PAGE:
Bitcoinproof creates a forgery-proof timestamp for your data, secured by the Bitcoin network. It allows you to prove that a certain event happened before a certain point in time. Maybe you want to prove that the damage in your flat already existed when you moved in, or that you were in possession of a great artwork before it was published, proving you are the author.
CryptSharp provides a number of password crypt algorithms: BCrypt, MD5 (and Apache's htpasswd variant), PHPass (WordPress, phpBB, Drupal), SHA256, SHA512, and Traditional and Extended DES. It also includes Blowfish, SCrypt, and PBKDF2 for any HMAC (.NET's built-in PBKDF2 implementation supports only SHA-1). If you are looking to store passwords, odds are CryptSharp will have the algorithm you want.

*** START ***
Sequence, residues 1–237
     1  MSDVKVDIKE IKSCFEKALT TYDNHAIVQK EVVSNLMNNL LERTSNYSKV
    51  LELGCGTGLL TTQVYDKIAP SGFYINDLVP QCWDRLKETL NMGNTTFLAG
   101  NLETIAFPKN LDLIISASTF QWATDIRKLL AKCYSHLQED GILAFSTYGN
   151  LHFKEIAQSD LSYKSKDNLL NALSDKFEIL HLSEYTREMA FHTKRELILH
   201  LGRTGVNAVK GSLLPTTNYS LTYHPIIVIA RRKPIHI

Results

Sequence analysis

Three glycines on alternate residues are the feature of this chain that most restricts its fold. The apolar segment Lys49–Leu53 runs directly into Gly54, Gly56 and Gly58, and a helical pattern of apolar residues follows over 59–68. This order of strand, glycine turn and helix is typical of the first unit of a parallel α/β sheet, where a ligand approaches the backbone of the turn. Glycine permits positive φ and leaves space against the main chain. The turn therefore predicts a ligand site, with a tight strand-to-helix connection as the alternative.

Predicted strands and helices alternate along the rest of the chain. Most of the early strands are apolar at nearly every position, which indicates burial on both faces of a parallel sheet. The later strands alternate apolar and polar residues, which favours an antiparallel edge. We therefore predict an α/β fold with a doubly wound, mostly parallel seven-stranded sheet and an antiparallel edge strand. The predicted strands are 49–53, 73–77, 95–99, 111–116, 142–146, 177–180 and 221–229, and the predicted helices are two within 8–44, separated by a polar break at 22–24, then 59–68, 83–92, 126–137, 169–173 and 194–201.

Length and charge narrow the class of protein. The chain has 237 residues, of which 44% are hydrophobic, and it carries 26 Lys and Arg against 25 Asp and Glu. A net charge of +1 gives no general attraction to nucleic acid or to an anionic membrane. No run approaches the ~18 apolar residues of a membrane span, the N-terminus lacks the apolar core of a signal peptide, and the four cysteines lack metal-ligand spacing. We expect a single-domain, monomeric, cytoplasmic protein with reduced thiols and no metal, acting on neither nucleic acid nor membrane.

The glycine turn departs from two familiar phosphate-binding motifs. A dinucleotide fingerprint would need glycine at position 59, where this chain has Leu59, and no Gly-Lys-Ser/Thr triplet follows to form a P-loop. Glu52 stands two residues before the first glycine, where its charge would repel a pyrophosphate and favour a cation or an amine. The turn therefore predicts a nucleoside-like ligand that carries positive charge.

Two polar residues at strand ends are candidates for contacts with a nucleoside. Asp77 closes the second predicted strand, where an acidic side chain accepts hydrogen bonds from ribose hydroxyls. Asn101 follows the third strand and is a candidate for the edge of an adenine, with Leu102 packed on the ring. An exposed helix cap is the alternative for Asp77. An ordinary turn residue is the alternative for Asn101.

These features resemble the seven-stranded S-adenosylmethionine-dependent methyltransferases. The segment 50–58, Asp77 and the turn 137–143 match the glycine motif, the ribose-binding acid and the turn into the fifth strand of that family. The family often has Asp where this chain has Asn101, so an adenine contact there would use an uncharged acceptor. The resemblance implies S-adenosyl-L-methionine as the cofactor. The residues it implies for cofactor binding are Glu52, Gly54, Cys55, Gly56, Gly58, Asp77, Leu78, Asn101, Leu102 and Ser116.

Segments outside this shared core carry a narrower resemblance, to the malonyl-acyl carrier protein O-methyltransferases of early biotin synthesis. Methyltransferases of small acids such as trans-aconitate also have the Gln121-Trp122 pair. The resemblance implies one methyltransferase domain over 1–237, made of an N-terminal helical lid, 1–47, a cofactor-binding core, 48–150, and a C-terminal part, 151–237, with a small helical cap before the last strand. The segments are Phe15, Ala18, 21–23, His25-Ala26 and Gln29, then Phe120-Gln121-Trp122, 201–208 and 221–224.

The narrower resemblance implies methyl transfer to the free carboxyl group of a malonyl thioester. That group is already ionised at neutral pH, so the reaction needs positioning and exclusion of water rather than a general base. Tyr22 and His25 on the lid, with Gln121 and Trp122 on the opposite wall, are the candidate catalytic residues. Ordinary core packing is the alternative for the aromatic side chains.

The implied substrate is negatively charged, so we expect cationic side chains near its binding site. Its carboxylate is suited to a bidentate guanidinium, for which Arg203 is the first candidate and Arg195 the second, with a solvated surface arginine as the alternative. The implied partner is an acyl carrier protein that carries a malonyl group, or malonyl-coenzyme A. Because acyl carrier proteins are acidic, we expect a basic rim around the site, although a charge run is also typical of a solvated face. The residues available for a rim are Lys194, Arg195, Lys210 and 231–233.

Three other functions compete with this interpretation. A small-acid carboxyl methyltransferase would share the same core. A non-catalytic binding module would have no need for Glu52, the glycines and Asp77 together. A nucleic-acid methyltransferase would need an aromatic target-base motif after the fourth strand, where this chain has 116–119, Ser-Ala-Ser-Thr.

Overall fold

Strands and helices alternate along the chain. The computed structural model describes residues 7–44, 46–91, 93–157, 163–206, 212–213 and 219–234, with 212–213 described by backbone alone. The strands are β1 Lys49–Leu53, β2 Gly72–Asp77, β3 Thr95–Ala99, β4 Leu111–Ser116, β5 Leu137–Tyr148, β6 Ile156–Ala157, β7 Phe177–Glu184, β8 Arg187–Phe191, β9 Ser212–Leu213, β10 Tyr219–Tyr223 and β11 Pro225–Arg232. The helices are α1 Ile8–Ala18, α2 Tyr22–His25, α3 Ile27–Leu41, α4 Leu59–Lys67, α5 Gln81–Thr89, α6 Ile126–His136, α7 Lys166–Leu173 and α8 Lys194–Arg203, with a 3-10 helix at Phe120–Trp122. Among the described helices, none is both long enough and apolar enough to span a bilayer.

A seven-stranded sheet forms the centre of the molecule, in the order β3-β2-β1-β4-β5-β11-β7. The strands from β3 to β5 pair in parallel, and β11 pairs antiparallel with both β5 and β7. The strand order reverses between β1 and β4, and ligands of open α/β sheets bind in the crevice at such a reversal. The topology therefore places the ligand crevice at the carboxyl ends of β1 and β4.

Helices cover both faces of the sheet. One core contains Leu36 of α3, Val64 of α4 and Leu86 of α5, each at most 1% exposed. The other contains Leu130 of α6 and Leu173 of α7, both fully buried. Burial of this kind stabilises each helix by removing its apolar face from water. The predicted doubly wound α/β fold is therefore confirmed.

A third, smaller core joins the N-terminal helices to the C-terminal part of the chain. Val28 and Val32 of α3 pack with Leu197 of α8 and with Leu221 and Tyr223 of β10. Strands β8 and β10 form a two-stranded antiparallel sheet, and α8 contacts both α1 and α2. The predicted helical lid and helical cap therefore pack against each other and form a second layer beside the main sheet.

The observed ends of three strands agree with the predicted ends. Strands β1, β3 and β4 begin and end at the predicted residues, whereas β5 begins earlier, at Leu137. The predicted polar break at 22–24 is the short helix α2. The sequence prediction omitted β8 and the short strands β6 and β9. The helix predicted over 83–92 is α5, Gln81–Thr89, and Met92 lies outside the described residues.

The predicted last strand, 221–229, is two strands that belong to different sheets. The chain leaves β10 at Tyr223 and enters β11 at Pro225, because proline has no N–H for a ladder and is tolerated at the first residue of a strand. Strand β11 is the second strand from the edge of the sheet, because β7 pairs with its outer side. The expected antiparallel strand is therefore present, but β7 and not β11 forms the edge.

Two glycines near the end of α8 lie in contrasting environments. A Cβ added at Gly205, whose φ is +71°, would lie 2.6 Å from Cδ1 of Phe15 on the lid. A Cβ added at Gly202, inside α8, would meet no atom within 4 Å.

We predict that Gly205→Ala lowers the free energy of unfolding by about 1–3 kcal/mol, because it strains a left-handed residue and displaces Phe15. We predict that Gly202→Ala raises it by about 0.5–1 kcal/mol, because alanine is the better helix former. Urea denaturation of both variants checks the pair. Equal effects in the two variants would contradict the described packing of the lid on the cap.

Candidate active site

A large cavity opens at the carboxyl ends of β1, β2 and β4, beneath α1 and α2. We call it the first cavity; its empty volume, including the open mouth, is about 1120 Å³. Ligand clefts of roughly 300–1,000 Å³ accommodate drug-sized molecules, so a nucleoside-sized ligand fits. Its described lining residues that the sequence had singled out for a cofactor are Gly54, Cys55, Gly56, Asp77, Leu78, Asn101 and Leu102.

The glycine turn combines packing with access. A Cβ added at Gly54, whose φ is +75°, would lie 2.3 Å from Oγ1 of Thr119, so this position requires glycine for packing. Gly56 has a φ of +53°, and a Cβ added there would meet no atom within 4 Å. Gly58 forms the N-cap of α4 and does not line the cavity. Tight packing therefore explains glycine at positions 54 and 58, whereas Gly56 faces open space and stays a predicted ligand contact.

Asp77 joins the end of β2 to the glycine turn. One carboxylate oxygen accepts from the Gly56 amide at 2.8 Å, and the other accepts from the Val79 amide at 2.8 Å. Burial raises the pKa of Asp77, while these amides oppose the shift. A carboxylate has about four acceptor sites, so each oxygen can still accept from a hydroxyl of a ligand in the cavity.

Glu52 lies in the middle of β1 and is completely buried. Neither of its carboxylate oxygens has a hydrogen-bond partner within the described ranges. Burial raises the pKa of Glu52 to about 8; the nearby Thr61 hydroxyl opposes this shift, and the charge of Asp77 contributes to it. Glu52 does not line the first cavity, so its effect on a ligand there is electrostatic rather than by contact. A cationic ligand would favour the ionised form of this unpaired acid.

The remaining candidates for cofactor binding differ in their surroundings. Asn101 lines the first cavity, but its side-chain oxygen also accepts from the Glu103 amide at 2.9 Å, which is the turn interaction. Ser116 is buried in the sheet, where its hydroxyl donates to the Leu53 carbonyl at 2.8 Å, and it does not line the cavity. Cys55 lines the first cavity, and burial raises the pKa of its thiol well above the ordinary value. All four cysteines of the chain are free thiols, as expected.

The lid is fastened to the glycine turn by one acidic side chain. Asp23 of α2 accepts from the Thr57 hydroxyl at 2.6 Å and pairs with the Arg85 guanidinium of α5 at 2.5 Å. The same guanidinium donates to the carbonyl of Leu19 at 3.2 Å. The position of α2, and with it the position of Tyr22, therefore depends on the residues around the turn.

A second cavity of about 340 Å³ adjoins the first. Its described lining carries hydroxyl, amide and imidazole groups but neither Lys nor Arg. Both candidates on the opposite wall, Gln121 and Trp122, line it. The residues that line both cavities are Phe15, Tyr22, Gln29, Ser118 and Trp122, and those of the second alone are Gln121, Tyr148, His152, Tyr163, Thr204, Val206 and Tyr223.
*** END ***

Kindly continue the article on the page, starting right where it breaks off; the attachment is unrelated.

Shasplit takes a large data block, splits it into smaller parts, and puts those parts into an SHA-based content-addressed store. Reassembling those parts is a trivial "cat" invocation. Repeating parts (e.g., from previous split operations) are stored only once, which allows efficient incremental backups of whole LVM snapshots via Rsync. Shasplit shows its strengths on encrypted block devices, but might be useful for non-encrypted data, too.